Monday, April 25, 2011

Sandwich #3–Comet Morehouse

I’m very behind in blogging. I’ve got several things I wanted to write about, but alas, have not found time to get it done. But I’ve used that excuse too many times already so I’ll just press on.

To review, I’m on a quest to consume all 16 sandwiches at Erbert & Gerberts (E&G) sub shop. As a card carrying member of the sandwich society, I get a free sandwich if I try every one of the sandwiches on their menu. In blogging terms, I’m on sandwich #3, but I’ve actually had 3 more sandwiches since the last blog so I’ve got some “catch-up” writing to do.

My last sandwich was tuna fish which has been the worst one so far. I was much more excited about the Comet Morehouse. The ingredients were more to my liking. I’ve said before, these sandwiches aren’t fancy. They try to use simple but fresh ingredients. The Comet Morehouse was your basic ham and cheese. Ham, provolone cheese, tomato, lettuce, and, of course, Hellmann’s Mayo.


First, the good points. IT WASN’T TUNA! Ham and cheese is right up my alley. There was plenty of juicy deli-sliced ham. Provolone cheese isn’t my favorite (I’m partial to aged cheddar or pepper-jack), but was just fine mixed with the other fillings. They put just the right quantity of mayo, not too much, not too little.

I also got a kick out of the "bag". I'm so glad they labeled it. I'd hate to confuse this brown paper object for any other purpose. A few weeks later, I got 4 sandwiches for the whole family and chortled when I received a bag labeled, "big bag". I suppose it must be more for the sandwich makers to make sure they grab the right size bag for the "to-go" orders. Still, I love a business with a sense of humor.

Then, the bad. The tomatoes were awful. Pale colored, mushy, and no flavor whatsoever. Granted, I ate this sandwich February 18, so it really wasn’t tomato season, but I’ve had better tomatoes from other places. I also went with wheat bread. Probably the last time for awhile. It was dry and hard, just like my last sandwich. The “guts” were even a bit dry. Usually the inside bread scoops are the softest, tastiest bits of bread. According to the nutritional information, there really isn’t much health benefit compared to the white, so I’ll be eating white bread the next time. 3 out of 5 stars.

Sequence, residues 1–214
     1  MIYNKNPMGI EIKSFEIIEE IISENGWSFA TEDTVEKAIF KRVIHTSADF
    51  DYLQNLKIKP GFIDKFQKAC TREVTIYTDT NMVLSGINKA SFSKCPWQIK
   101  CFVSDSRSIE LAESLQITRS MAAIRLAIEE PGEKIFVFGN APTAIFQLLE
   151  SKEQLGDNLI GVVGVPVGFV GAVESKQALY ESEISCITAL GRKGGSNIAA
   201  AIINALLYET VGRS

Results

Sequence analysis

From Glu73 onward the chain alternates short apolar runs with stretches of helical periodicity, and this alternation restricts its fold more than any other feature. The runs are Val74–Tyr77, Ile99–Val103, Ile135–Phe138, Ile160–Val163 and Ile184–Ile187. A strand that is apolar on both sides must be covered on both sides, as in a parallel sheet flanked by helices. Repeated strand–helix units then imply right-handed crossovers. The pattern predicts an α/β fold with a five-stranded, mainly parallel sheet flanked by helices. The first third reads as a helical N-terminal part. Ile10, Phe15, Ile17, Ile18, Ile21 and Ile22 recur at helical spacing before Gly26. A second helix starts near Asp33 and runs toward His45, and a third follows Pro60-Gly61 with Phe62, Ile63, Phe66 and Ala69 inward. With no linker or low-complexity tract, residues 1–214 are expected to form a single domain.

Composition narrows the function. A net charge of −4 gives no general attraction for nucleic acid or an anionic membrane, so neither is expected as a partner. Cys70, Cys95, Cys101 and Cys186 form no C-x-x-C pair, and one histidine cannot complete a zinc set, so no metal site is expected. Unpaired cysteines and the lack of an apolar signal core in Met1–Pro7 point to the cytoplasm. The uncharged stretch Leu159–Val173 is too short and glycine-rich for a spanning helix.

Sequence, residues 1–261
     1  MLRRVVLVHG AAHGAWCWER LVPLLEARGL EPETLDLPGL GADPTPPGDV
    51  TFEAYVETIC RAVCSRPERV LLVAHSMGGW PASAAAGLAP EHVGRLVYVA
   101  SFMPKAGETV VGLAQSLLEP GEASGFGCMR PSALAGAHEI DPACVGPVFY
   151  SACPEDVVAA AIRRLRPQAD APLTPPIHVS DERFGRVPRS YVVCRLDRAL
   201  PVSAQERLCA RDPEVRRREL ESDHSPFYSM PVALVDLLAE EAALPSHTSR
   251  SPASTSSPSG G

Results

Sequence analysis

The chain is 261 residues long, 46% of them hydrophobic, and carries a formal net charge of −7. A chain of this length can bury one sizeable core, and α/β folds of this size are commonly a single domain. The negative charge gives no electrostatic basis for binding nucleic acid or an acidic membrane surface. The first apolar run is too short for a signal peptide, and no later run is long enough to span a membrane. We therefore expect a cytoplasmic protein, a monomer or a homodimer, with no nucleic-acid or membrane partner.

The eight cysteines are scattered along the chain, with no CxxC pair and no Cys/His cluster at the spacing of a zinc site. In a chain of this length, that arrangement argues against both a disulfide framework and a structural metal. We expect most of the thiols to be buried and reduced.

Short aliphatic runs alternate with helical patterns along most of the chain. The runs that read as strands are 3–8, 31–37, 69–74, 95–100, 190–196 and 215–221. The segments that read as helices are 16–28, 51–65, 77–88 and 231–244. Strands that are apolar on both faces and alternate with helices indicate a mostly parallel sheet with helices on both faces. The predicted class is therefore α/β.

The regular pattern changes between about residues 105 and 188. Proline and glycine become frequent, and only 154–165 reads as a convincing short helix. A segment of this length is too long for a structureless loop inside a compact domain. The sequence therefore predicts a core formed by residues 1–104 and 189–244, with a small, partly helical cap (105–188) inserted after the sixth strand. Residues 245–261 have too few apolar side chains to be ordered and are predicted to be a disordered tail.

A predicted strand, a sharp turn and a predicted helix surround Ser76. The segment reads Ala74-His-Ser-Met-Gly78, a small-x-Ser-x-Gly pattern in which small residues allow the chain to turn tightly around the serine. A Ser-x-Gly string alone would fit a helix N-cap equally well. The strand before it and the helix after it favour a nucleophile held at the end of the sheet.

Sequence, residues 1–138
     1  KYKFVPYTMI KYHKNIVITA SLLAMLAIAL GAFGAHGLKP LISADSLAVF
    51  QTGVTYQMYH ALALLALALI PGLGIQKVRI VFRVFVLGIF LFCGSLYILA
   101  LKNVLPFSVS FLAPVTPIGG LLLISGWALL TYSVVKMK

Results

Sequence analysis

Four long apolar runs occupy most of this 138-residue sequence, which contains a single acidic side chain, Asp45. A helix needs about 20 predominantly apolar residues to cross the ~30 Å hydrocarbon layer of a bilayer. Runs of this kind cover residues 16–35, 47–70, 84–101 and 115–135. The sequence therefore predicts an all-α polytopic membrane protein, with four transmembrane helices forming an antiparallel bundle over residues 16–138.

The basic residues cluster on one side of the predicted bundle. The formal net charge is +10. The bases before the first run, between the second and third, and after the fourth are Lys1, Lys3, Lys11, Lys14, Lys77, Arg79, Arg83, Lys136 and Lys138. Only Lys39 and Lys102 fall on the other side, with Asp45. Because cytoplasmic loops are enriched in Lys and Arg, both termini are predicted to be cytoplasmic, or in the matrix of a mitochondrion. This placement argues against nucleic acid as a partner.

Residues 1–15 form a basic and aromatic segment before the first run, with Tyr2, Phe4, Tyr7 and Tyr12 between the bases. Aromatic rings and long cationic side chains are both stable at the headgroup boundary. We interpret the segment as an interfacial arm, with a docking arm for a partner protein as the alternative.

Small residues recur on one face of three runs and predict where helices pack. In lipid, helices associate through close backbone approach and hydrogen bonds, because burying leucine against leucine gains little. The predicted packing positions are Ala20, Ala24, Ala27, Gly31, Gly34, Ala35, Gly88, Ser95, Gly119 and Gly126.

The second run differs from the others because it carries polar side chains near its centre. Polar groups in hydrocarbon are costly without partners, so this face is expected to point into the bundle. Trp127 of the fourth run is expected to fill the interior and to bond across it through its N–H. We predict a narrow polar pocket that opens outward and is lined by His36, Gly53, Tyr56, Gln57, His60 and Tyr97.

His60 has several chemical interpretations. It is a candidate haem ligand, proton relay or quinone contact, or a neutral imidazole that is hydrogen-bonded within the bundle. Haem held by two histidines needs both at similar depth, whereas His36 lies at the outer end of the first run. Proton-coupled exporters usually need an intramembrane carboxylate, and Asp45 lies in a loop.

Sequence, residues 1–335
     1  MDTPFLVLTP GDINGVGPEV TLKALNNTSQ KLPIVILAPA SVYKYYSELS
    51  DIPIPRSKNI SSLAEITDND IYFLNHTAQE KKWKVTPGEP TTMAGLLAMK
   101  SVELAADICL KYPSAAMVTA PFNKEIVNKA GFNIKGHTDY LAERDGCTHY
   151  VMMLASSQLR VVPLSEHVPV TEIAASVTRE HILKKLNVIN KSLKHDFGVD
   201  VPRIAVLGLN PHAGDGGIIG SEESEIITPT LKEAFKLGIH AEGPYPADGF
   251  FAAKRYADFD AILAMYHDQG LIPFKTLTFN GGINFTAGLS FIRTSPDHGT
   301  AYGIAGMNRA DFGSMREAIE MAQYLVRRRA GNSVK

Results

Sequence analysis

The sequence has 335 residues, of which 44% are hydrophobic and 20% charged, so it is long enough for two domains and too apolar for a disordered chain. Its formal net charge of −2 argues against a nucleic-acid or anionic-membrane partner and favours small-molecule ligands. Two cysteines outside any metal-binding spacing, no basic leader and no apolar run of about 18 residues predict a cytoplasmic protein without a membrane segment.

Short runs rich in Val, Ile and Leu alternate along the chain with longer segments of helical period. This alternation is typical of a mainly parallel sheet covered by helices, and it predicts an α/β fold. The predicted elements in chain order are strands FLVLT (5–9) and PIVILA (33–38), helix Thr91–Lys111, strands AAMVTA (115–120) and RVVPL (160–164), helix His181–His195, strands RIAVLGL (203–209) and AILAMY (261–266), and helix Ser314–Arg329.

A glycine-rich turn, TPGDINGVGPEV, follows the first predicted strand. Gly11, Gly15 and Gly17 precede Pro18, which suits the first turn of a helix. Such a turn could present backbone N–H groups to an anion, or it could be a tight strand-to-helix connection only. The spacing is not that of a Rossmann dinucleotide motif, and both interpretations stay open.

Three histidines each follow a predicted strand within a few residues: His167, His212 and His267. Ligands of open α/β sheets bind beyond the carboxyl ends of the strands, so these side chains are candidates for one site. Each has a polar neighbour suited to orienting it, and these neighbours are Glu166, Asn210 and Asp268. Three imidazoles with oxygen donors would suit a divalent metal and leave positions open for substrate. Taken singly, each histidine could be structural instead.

Now for the story. If you remember from the Bornk Sandwich blog, I had to sneak into the women’s rest room to get the story from the plaque hanging on the wall. It was amusing but very embarrassing. I was delighted to buzz out to the E&G web site and find they now have the stories for each sandwich posted for curious individuals to enjoy. I sent two emails to their customer service and received no response whatsoever, but me and quite possibly several other people, finally got through to their marketing folks and they got their web site changed!

Strangely enough, the cute coloring sheets they did have are no longer there. How hard would it have been to just add the stories, but leave the sheets? Good grief people! Alas, I don’t have a coloring sheet link, so you’ll have to click here for the story, and an “already colored” picture of Comet Morehouse is below.


Here are the story highlights. Comet Morehouse is the evil villain. His name and character are based on an actual comet spotted in 1908. I’m a closet astronomer and so I can’t resist talking a bit about it. Non-geeks may wish to skip to the next paragraph. Comet Morehouse appears to be a parabolic orbit which is essentially a curve, meaning it won’t be back. If it is a closed elliptical orbit (race-track like) it won’t be back for several million years.

Geek-speak off. The villain Morehouse had always been extremely upset that Halleys Comet (another sandwich) got to return to earth every 76 years. Watching Halleys comet get all the fame and notoriety fueled his anger and resentment. Several eons ago, Morehouse was taken over by demons and now attempts to foster evil and cause harm wherever he can. Fortunately Halley’s comet, along with Erbert and Gerbert, always arrive in time to save the day.

I still haven’t found a sandwich better than my beloved Flash, but I’ll keep eating.

Wednesday, April 6, 2011

Making Sausage

I had the opportunity several weeks ago to participate in something I’ve never done before. My brother-in-law recently acquired some sausage making equipment and my mother and father-in-law came into possession of large amounts of ground beef as well as some venison that was still in the freezer. It was time to make some sausage. Me and my son, Brian, got invited over for the fun.